The increasing disembodiment of writing currently taking place should not be reduced to a matter of interest primarily for philosophers, nostalgics and neo-Luddites, [1] - as it points to the importance of acknowledging the vital role of haptics, and the profound and fundamental links between haptics and cognition, in writing. Our body, and in particular our hands, are inscribed in, and defining, the writing process in ways that have not been adequately dealt with in the research literature. The current radical shift in writing environments mandates an increased focus on the role of our hands in the writing process, and – even more importantly – how the movements and performance of the hand relate to what goes on in the brain.

5. Haptics and learning

In his landmark volume The Hand – succinctly described by some scholars as “one of the wisest books of recent decades” (Singer & Singer, 2005, p. 113) – neurologist Frank Wilson vigorously claims that “any theory of human intelligence which ignores the interdependence of hand and brain function, the historical origins of that relationship, or the impact of that history on developmental dynamics in modern humans, is grossly misleading and sterile.” (Wilson, 1998, p. 7) Nevertheless, the importance of the hand-brain relationship and of the haptic sense modality for learning, and for our experience of and interaction with the lifeworld in general, is not commonly acknowledged or understood. [1] -This widespread and largely internalized neglect becomes obvious when we are reminded of how fundamental haptics and the rest of our tactile sensorium were in our life from the moment we are born:

As infants, we tend to learn as much, if not more, about our environment by touching as well as looking, smelling, or listening. Only gradually, and after many warnings by our parents not to touch this or that, we do finally manage to drive the tactile sense underground. But the many do-not-touch signs in stores and especially in museums suggest that apparently we still would like to touch objects in order to get to know them better and to enrich our experience. (Zettl, 1973, p. 25)

Research in experimental psychology, evolutionary psychology, and cognitive anthropology (Bara, Gentaz, & Colé, 2007, Greenfield, 1991, Hatwell, Streri, & Gentaz, 2003, Klatzky, Lederman, & Mankinen, 2005, Klatzky, Lederman, & Matula, 1993, Wilson, 1998) has convincingly demonstrated the vital role of haptic exploration of tangible objects in human learning and cognitive development. In a very literal way, the sense of touch incorporates human nature, as eloquently described by Brian O’Shaughnessy: “Touch is in a certain respect the most important and certainly the most primordial of the senses. The reason is, that it is scarcely to be distinguished from the having of a body that can act in physical space.” (O'Shaughnessy, 2002, p. 658) During infancy and early childhood, haptic exploration is very important; however, as we grow up, we tend to lose some of the strength and clarity of the sense of touch (and smell, it is argued), so that we somehow have to re-learn how to make use of it.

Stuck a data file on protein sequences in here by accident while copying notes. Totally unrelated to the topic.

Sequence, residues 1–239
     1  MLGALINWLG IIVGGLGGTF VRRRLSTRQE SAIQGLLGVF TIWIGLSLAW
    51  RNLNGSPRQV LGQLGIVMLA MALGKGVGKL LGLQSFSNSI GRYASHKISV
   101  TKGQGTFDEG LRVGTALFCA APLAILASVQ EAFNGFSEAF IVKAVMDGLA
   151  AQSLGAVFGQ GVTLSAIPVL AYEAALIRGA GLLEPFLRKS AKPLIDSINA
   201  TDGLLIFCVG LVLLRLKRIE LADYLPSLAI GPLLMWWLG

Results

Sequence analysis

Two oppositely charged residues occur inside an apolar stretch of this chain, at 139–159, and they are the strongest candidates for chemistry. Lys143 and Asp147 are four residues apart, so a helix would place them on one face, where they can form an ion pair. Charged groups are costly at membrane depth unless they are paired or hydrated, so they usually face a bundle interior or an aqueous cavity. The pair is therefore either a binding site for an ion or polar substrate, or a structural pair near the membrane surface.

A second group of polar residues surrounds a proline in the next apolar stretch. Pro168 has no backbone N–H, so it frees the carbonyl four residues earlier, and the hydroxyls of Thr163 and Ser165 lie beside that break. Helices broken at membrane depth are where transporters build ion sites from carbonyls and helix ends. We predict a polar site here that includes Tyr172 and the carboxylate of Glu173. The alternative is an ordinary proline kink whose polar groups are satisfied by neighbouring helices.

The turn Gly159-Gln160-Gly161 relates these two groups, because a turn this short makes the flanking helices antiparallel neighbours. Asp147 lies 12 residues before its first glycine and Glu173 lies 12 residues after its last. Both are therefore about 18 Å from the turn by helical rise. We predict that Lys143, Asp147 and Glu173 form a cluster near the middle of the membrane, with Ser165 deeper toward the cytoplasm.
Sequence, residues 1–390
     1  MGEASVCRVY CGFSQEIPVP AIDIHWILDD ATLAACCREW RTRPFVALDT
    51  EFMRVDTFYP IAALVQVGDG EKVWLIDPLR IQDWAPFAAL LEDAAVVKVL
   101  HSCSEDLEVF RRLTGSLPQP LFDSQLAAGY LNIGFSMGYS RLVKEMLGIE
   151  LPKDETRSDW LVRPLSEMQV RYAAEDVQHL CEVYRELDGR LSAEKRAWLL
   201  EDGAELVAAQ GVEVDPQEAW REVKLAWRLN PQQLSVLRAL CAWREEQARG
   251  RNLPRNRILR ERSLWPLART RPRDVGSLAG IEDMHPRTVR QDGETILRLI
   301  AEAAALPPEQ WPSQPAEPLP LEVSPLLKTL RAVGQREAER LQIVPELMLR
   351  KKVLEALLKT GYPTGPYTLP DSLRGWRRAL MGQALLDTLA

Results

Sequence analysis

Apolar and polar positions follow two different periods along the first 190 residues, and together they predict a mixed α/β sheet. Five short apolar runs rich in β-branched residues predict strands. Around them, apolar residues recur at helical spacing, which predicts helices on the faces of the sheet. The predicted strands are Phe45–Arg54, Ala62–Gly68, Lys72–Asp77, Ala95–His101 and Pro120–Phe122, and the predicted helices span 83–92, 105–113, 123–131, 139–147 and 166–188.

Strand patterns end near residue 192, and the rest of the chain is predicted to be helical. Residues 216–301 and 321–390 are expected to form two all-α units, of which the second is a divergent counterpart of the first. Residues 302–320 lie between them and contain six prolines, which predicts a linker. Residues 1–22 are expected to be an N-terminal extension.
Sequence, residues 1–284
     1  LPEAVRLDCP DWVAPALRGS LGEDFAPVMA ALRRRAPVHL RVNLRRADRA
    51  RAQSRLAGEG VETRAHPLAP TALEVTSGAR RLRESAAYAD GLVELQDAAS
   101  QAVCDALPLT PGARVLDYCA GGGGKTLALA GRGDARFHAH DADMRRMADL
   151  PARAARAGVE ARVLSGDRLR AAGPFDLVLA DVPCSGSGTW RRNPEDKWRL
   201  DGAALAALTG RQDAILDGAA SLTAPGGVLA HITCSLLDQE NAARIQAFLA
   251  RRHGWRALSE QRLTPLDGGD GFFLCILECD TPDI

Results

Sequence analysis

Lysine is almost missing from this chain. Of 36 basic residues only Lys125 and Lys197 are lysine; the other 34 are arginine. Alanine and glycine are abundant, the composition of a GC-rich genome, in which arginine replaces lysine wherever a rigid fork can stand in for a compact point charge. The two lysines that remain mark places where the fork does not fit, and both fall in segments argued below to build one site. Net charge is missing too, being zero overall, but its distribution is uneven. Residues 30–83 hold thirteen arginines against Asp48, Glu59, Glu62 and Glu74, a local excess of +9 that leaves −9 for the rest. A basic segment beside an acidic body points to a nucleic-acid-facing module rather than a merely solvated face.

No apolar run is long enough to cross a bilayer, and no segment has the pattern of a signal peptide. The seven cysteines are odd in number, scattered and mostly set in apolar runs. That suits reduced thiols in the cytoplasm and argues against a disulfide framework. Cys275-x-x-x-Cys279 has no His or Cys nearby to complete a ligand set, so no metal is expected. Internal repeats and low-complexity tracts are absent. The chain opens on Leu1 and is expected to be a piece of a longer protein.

Metaphors and colloquialisms are additional indicators of the importance of the haptic modality in cognition. Numerous expressions for understanding and comprehension consist of terms and concepts referring to dexterity: expressions such as "to get a hold of someone," "to handle a situation," "to grasp a concept" all point to (pun intended) the paramount influence of our hands and fingers in dealing with the environment. Such an intimate connection between the human body – for example, our hands – the lifeworld, and cognition is a hallmark of phenomenology, in particular the somatosensory phenomenology of Maurice Merleau-Ponty:

It is the body that 'catches' […] 'and 'comprehends' movement. The acquisition of a habit is indeed the grasping of a significance, but it is the motor grasping a motor significance. […] If habit is neither a form of knowledge nor any involuntary action, then what is it? It is a knowledge in the hands [Merleau-Ponty's example is knowing how to use a typewriter], which is forthcoming only when bodily effort is made, and cannot be formulated in detachment from that effort. (Merleau-Ponty, 1962 [1945], pp. 143-144)

Our fingers and hands are highly active and important means of perception and exploration, representing an access to our lifeworld which in some cases could not have been established by any other sense modality. In our everyday whereabouts, however, we are just not used to thinking of the hands as sensory organs significantly contributing to cognitive processing, because most of our day-to-day manipulation is performatory, not exploratory: “[T]hat is, we grasp, push, pull, lift, carry, insert, or assemble for practical purposes, and the manipulation is usually guided by visual as well as by haptic feedback.” (Gibson, 1979, p. 123) Because of this, the perceptual capacity of the hands, and the vital role it plays in cognition, is often ignored – both because we pay more attention to their motor capacities, and because the visual modality dominates the haptic in our awareness.

6. Writing and embodied cognition